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Monday, February 06, 2012

War Horse Hoofcare: Puncture Wounds Then and Now

Kindness to animals

While collecting photos of farriers during World War I, I passed over this photo several times without realizing how interesting it was. It took a magnifying glass to appreciate this one.

The sign reads, "'Kindness to animals, 500 horses lamed weekly by nails dropped on roads and horse lines by cookers carrying firewood with nails left in. Please remove nails."

As if the war horses didn't have enough to worry about with staying alive in combat and battling environmental conditions like mud and heat and lice and mange, and diseases like glanders, they had to walk across scorched earth littered with shrapnel, and sometimes even the "friendly fire" of nails dropped from wagons hauling salvaged timber to burn in the cookers.

Cooks of the Newfoundland Regiment at the cookers


What's a cooker, you might ask? A cooker was a horse-drawn kitchen--a sort of wood-fired stove on wheels. Here you see some Canadian troops from Newfoundland who were happy to belly up to a cooker as if it was a modern-day urban food truck.

Both these photos were provided by the Royal Library of Scotland.

Puncture wounds from shrapnel and nails are still a problem for horses and donkeys in war zones. They are also a problem for horses after natural disasters like tornadoes, earthquakes, tidal waves and hurricanes.

What's a simple way to protect hooves from puncture wounds when disaster--or war--strikes today?

Click the graphic to order your poster!


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4 comments:

Bif said...

Shoes with pads? Equicast? Hoof boots?

Fran Jurga said...

You're right, in an ideal world, Bif. But those things aren't available in developing countries and even in North America, are prohibitively expensive for the majority of horses, particularly after a disaster.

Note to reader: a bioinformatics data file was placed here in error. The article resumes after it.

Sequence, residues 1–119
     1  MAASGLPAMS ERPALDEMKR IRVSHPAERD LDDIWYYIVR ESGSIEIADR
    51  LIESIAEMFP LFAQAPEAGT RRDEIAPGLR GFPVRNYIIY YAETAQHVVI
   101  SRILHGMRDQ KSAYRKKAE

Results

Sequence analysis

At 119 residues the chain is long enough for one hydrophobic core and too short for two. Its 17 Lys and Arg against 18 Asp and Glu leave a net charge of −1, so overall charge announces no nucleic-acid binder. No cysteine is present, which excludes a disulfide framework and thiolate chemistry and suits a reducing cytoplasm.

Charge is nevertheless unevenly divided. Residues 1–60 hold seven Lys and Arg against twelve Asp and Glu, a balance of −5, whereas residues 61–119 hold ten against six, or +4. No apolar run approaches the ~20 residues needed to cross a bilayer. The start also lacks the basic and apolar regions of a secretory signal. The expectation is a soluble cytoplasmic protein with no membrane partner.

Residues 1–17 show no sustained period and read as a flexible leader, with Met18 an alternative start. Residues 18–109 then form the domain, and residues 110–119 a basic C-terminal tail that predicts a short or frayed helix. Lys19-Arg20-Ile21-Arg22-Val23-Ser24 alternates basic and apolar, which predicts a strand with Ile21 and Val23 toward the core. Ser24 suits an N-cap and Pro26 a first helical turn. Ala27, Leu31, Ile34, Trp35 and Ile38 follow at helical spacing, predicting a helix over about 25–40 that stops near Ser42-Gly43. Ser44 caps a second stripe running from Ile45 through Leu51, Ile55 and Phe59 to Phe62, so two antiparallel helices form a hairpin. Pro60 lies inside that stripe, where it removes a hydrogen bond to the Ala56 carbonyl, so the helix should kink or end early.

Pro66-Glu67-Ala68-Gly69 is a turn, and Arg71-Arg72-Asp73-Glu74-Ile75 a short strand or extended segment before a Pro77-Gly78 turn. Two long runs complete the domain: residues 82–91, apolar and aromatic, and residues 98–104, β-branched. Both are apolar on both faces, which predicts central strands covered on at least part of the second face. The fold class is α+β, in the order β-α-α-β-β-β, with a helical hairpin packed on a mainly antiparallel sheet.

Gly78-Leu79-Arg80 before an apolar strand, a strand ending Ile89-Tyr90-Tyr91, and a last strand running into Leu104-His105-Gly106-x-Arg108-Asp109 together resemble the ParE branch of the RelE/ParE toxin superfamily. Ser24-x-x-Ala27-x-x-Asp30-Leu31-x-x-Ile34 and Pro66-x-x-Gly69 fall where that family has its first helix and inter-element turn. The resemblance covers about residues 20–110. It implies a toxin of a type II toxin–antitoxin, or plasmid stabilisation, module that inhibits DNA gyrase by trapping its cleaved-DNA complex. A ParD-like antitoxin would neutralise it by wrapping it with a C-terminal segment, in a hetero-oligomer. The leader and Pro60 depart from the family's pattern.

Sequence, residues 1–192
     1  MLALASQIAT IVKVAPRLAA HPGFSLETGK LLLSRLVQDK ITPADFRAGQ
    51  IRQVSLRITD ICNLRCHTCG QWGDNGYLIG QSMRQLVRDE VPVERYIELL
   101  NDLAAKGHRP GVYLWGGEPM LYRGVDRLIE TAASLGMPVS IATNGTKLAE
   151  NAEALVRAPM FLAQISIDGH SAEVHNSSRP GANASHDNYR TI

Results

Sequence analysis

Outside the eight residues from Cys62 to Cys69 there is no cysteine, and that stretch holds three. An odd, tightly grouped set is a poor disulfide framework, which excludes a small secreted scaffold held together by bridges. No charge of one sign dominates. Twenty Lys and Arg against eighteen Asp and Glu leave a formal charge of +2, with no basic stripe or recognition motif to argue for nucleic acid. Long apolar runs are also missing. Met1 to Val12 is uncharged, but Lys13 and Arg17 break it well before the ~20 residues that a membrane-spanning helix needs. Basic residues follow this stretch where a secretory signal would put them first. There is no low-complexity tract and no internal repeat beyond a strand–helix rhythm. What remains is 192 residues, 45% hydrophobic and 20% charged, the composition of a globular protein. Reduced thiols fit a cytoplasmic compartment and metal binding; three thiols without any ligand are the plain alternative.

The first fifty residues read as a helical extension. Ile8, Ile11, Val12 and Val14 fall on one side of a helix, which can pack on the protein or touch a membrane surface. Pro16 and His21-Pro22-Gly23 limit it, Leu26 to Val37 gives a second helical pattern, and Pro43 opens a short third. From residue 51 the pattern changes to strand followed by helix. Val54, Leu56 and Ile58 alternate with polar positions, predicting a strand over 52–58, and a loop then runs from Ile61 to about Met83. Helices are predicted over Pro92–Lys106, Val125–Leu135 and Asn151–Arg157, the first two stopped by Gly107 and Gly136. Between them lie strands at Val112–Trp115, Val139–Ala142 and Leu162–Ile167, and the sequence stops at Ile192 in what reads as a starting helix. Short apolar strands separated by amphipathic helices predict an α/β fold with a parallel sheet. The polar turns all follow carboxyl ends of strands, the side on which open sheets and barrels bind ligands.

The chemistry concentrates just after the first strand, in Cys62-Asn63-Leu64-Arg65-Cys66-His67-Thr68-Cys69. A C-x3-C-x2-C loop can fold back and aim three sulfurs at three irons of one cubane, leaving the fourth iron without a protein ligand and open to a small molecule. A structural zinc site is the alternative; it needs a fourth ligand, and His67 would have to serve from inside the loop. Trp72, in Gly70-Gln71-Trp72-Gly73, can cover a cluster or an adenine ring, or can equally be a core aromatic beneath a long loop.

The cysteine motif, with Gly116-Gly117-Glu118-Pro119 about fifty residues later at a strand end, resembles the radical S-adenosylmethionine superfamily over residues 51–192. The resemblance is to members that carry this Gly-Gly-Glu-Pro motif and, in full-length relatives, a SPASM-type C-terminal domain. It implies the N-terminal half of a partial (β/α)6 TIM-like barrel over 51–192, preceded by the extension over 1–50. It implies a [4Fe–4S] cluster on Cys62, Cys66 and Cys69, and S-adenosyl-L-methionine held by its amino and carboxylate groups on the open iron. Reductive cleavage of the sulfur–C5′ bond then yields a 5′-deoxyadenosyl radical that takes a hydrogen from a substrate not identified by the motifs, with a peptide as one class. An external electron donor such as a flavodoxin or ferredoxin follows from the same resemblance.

I've seen people nail leather pads directly to hooves as a sort of poor-man's hospital plate.

I'd love to offer the disaster-response charities some low-cost ideas or even see someone develop an inexpensive product.

It's often horses and donkeys who can get into disaster zones. Or out, as the case may be, particularly when there's no gasoline available.

Keep thinking, Bif. More ideas, please!

Lisa said...

You are right. That is a tough situation for horses and donkeys still in war zones. I hadn't thought of all the shrapnel and nails lying around back then and even now.

I've known horses here in the states that have nearly died from puncture wounds in the hoof because the stable used to be a contractor's place and there were nails everywhere.

Like you mentioned a cheap, easy hoof protectant would be ideal for horses in that situation, since the boots and pads we use here would not be options. Perhaps someone should look at developing something like that.

Ann said...

Hello Fran,

I saw this on the BBC and thought you might be interested. http://www.bbc.co.uk/news/magazine-16929522 There's not too much on shoeing the horses, but what was there, I found interesting. I enjoy your blog. Thank you.

Sincerely,
Ann